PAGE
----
## Integral x^2(1-x^2)

People, today i had a exam in math analysis and there was a integral to solve:

∫ x^2√(1-x^2) dx

ok, i started to think about the trigonometric substitution. x= sint

but, with that substitution now i have a ∫sin^2tcos^2t dt

so i have to do something like ∫(1-cos^2t)(cos^2t) dt ok and i thought (no thanks...)
i never learned how to solve a integral with the trigonometric formula, so solve something like
∫cos^4t dt takes a lot of time.

So i tried t = √(1-x^2)

dt/dx = -x/(√(1-x^2) )

So now i have a integral

-∫(x^2*t*√(1-x^2))/(x) dt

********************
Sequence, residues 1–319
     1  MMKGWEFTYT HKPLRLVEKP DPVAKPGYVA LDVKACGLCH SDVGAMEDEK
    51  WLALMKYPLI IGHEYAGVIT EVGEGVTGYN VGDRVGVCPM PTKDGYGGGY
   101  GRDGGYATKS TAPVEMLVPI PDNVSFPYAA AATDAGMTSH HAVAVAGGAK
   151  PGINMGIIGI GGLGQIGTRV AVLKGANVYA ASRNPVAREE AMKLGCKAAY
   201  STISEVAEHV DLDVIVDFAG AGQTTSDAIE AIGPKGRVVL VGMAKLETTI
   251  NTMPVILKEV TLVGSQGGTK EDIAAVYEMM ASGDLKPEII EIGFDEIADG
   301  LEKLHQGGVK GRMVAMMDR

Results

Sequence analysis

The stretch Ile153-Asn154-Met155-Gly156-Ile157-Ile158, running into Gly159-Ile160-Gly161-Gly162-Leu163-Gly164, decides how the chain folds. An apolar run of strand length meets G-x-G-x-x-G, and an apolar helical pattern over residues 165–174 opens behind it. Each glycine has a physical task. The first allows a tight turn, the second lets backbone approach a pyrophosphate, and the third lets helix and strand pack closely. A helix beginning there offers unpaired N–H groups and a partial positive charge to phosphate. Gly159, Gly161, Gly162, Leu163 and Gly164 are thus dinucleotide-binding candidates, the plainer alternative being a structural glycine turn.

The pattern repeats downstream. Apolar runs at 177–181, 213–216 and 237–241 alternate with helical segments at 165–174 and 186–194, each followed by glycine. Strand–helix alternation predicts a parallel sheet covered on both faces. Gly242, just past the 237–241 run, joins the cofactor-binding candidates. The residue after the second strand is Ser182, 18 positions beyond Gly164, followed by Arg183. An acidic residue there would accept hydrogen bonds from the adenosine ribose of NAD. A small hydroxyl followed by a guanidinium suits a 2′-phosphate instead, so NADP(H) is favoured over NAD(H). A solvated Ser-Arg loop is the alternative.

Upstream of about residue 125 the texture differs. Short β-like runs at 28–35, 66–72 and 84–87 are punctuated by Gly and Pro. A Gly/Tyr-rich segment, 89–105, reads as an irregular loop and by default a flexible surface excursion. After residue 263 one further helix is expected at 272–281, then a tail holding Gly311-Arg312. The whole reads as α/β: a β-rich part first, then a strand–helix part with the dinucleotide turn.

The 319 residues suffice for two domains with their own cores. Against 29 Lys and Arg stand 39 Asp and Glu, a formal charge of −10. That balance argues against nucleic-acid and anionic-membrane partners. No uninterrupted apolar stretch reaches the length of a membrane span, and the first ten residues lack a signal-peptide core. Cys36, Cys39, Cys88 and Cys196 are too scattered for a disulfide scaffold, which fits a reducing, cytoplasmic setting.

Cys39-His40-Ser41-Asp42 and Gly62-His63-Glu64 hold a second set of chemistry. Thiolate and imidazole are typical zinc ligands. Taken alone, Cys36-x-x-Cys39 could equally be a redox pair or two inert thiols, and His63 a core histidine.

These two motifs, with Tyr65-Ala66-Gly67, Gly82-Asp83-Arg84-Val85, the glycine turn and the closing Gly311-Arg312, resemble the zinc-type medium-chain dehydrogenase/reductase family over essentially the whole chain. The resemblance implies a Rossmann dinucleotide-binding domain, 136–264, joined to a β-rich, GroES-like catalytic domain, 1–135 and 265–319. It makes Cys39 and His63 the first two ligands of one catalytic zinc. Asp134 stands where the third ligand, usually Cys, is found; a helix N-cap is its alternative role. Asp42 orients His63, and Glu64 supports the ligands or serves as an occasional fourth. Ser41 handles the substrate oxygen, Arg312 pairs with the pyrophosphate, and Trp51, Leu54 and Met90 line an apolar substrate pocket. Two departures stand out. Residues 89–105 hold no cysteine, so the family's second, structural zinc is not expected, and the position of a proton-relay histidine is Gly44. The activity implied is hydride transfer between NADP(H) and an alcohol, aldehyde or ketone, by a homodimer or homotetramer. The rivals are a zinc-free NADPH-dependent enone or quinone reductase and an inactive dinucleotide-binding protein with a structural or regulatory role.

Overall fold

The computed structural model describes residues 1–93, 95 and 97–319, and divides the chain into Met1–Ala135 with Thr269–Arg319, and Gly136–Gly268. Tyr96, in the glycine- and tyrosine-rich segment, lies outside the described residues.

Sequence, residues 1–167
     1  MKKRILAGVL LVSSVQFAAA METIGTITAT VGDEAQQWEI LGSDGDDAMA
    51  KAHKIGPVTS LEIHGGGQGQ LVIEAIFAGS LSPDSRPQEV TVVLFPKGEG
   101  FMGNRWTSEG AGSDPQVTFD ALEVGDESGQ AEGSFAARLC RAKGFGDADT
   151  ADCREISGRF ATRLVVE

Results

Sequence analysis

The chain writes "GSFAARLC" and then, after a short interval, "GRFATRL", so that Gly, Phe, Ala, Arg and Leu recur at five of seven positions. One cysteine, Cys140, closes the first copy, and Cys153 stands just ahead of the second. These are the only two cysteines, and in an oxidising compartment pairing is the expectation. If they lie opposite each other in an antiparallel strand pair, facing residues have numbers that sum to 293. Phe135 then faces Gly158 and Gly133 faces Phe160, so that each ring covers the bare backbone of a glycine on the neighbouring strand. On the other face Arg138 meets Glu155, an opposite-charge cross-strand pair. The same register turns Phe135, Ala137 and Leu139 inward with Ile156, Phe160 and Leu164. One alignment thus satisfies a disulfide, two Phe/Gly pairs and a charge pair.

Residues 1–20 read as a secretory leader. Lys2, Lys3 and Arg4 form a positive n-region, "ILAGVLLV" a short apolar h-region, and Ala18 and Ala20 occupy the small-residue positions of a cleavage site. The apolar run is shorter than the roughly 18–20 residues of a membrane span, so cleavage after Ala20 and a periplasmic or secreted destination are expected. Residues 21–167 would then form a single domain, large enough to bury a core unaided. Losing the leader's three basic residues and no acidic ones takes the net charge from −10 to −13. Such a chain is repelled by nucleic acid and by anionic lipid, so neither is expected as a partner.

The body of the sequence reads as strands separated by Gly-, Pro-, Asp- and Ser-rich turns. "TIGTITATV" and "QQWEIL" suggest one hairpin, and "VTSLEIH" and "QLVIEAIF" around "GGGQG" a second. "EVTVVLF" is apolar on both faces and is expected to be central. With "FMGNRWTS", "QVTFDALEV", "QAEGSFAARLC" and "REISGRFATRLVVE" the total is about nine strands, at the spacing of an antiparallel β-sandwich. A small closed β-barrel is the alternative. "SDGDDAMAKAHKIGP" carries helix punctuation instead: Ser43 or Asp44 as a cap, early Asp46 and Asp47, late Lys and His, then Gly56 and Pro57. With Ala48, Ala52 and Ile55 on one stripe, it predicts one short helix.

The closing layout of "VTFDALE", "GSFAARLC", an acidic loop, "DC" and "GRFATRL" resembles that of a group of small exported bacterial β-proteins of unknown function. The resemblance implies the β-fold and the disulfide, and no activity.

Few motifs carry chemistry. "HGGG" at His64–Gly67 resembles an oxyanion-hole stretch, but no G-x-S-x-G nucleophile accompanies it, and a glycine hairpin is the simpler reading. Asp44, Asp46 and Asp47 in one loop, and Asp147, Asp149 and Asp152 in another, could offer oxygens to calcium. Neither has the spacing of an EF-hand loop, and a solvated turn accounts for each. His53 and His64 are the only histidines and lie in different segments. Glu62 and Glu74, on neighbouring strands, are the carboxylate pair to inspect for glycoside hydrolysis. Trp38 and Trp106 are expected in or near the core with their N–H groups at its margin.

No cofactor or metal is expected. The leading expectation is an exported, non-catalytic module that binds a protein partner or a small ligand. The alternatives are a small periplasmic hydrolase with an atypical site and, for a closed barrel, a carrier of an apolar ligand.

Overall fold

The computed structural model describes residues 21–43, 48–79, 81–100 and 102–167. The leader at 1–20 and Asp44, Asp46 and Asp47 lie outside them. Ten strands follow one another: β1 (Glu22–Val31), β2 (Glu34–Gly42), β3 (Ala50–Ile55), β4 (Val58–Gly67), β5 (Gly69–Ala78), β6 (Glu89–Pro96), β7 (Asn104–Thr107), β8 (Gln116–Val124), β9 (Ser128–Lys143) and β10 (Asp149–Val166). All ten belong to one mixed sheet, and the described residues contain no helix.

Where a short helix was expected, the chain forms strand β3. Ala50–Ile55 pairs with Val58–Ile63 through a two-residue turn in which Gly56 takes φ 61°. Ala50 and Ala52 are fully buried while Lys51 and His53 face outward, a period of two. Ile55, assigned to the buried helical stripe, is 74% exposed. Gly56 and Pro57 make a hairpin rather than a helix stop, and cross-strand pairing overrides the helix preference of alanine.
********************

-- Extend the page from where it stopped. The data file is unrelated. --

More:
-∫(x^2*t*t)/(x) dt
-∫(x*t^2) dt

as we know t = √(1-x^2) so x= 1-t^2

-∫((1-t^2)t^2) dt = -∫t^2 - t^4 dt

ok now it is easy...

Please tell me that i did it in the correct way!

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You can easily check by differentiating, however I think that you'll find you're off by a factor of x then.

The problem seems to be
 as we know t = √(1-x^2) so x= 1-t^2
if t2 = 1 - x2 then x2 = 1 - t2.
I don't know how much that helps you though.
 omfg.... what a stupid error. Damn. ok i should do it by trigonometric substitution.

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$$x^2 \sqrt{1 - x^2} \propto x \cdot \frac{d}{dx} (1 - x^2)^{3/2}$$